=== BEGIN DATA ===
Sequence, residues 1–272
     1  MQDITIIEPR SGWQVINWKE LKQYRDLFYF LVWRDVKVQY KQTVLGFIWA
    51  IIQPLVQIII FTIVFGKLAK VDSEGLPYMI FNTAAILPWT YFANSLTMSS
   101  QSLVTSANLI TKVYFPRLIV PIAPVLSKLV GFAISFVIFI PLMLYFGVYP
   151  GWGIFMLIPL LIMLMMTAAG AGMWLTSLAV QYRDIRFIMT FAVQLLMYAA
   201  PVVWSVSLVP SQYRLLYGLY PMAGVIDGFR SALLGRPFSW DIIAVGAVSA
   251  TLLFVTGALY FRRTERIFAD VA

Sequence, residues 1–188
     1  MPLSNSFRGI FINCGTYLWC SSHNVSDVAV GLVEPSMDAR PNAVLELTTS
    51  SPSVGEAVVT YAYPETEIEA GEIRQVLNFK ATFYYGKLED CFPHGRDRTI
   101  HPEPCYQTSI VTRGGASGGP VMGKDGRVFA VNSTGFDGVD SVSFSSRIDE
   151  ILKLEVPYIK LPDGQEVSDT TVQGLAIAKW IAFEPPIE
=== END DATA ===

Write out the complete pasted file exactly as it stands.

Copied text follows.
Sequence, residues 1–272
     1  MQDITIIEPR SGWQVINWKE LKQYRDLFYF LVWRDVKVQY KQTVLGFIWA
    51  IIQPLVQIII FTIVFGKLAK VDSEGLPYMI FNTAAILPWT YFANSLTMSS
   101  QSLVTSANLI TKVYFPRLIV PIAPVLSKLV GFAISFVIFI PLMLYFGVYP
   151  GWGIFMLIPL LIMLMMTAAG AGMWLTSLAV QYRDIRFIMT FAVQLLMYAA
   201  PVVWSVSLVP SQYRLLYGLY PMAGVIDGFR SALLGRPFSW DIIAVGAVSA
   251  TLLFVTGALY FRRTERIFAD VA

Sequence, residues 1–188
     1  MPLSNSFRGI FINCGTYLWC SSHNVSDVAV GLVEPSMDAR PNAVLELTTS
    51  SPSVGEAVVT YAYPETEIEA GEIRQVLNFK ATFYYGKLED CFPHGRDRTI
   101  HPEPCYQTSI VTRGGASGGP VMGKDGRVFA VNSTGFDGVD SVSFSSRIDE
   151  ILKLEVPYIK LPDGQEVSDT TVQGLAIAKW IAFEPPIE